U.S. Virgin Islands

While the devastation left behind by Hurricanes Maria and Irma in September 2017 lingers in parts of the U.S. Virgin Islands, many of the islands’s towns bounced right back into business. AFAR will continue to update the destination guide over the coming months to include the new openings and renovations, as well as to tell the stories of the Caribbean people and their resilience.

The United States Virgin Islands are justifiably called “America’s Paradise,” but they’re still a far cry from the mainland. You can find standard U.S. conveniences across the three main islands—St. Croix, St. Thomas, and St. John—but many come with a unique island twist. Cars drive on the left in this former Danish colony; wild donkeys roam freely on St. John; old pirates are celebrated like national heroes on St. Thomas; and the pigs on St. Croix drink beer! Each of these colorful, distinctive islands offers much more than just sun, sand, and sea—though it’s hard to find more spectacular beaches anywhere else in the world.

View of Trunk Bay Beach in U.S. Virgin Islands

Photo by Susan Santa Maria/Shutterstock


When’s the best time to go to U.S. Virgin Islands?

Daily temperatures average between 77 and 83 degrees Fahrenheit year-round, so it’s almost always the right time to escape to the USVI for sunny weather. Check the forecast before you go, however. Hurricane season runs from early May to late November, and the peak storm season pummels the islands from August to October.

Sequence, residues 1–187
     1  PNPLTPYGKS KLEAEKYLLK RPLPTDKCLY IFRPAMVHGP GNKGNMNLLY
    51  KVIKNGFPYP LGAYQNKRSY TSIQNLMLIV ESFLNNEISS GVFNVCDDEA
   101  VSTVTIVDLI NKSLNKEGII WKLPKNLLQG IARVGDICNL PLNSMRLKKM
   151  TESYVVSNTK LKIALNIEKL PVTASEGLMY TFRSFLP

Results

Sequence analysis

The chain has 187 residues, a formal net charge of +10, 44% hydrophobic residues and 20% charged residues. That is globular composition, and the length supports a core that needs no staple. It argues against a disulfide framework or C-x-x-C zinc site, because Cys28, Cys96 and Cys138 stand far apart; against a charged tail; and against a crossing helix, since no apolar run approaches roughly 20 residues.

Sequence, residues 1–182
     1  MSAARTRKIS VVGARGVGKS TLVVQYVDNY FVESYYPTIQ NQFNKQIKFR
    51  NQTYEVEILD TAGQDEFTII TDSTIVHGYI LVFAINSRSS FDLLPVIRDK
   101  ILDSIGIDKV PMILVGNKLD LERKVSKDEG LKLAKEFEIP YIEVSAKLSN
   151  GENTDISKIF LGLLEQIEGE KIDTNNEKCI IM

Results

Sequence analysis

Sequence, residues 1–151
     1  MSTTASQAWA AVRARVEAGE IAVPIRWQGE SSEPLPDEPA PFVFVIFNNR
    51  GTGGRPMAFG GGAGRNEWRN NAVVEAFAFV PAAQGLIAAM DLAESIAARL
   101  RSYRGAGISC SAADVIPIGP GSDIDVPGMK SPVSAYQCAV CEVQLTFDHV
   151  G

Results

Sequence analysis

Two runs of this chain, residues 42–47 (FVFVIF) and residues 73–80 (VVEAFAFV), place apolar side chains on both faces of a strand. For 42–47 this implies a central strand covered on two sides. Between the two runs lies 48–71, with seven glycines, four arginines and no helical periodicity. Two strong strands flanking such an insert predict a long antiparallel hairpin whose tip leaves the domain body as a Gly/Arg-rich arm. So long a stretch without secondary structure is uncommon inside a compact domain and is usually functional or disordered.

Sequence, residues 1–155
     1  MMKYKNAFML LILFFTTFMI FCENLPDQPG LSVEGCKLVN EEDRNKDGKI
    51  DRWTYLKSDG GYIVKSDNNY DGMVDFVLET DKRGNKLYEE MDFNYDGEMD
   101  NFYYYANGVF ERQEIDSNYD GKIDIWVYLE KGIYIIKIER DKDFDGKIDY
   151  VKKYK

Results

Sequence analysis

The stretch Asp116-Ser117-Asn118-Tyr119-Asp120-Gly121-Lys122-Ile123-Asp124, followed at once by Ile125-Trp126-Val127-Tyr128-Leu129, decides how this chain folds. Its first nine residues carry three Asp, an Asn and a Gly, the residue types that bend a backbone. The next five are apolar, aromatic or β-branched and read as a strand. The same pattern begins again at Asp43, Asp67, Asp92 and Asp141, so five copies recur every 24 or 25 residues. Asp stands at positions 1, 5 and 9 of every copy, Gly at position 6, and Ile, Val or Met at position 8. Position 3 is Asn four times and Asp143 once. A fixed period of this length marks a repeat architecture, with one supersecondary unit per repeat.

How to get around U.S. Virgin Islands

Like many Caribbean destinations, the USVI is well-served by major U.S. airlines. Stateside visitors enjoy daily nonstop flights from at least twelve U.S. cities, and connecting flights are usually available through San Juan. Note that no passport is required for U.S. citizens to visit the USVI. This goes for cruise lovers, too: every major cruise line calls on St. Thomas, one of the busiest cruise ports in the Caribbean.

The USVI is also ideal for visitor exploration: well-marked roads and popular rental car brands make things easy. Note that cars drive on the left! Taxis can be expensive, and there is no Uber. Island hopping is easy, with hourly ferry service between St. Thomas and St. John. A new ferry connecting St. Thomas and St. Croix is planned for late 2016, though the Seaplane flights operated by Seaborne Airlines may leave you with more thrilling memories.

Food and drink to try in U.S. Virgin Islands

Gastronomy in the USVI reflects the colorful hodgepodge of cultures that has coalesced here over the generations. African, Danish, and French influences from the colonial era mix with more recent infusions of American, Spanish, and Middle Eastern traditions, keeping this Caribbean melting pot percolating with ever-more-inventive culinary delights. To eat like an islander, look for USVI favorites like fish and fungi, souse, Johnnycakes, oxtail, pâtés, and curries at roadside food trucks and local eateries. You can find international wines and island-inspired beers—but the main alcoholic drink here is rum, and the popular Cruzan brand is distilled in St. Croix.

Culture in U.S. Virgin Islands

The local music, dancing, and storytelling traditions in the USVI are a mash-up of African and European influences, with roots tracing back to colonial times. Scratch bands play quelbe music with improvised instruments ranging from a squash to a car exhaust pipe—an experience worth seeking out, especially if you get to hear them accompanying a European-inspired quadrille dance performance. Look also for “moko jumbies": stilt dancers in festive garb that are present at various festivals and are said to chase away evil spirits. St. Thomas is also home to one of the oldest synagogues in the Western Hemisphere.